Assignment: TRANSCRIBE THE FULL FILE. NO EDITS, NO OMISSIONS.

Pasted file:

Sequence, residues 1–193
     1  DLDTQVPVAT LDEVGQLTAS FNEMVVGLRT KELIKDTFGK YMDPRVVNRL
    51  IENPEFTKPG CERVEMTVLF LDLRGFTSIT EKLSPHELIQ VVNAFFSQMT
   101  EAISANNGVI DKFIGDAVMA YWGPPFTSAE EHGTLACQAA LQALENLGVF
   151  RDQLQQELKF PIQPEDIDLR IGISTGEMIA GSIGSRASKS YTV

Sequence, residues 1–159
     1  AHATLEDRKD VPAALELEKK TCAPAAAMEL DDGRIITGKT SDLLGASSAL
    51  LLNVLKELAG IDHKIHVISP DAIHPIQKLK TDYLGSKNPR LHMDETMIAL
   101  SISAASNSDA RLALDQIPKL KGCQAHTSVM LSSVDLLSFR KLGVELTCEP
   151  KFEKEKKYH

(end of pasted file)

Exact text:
Sequence, residues 1–193
     1  DLDTQVPVAT LDEVGQLTAS FNEMVVGLRT KELIKDTFGK YMDPRVVNRL
    51  IENPEFTKPG CERVEMTVLF LDLRGFTSIT EKLSPHELIQ VVNAFFSQMT
   101  EAISANNGVI DKFIGDAVMA YWGPPFTSAE EHGTLACQAA LQALENLGVF
   151  RDQLQQELKF PIQPEDIDLR IGISTGEMIA GSIGSRASKS YTV

Sequence, residues 1–159
     1  AHATLEDRKD VPAALELEKK TCAPAAAMEL DDGRIITGKT SDLLGASSAL
    51  LLNVLKELAG IDHKIHVISP DAIHPIQKLK TDYLGSKNPR LHMDETMIAL
   101  SISAASNSDA RLALDQIPKL KGCQAHTSVM LSSVDLLSFR KLGVELTCEP
   151  KFEKEKKYH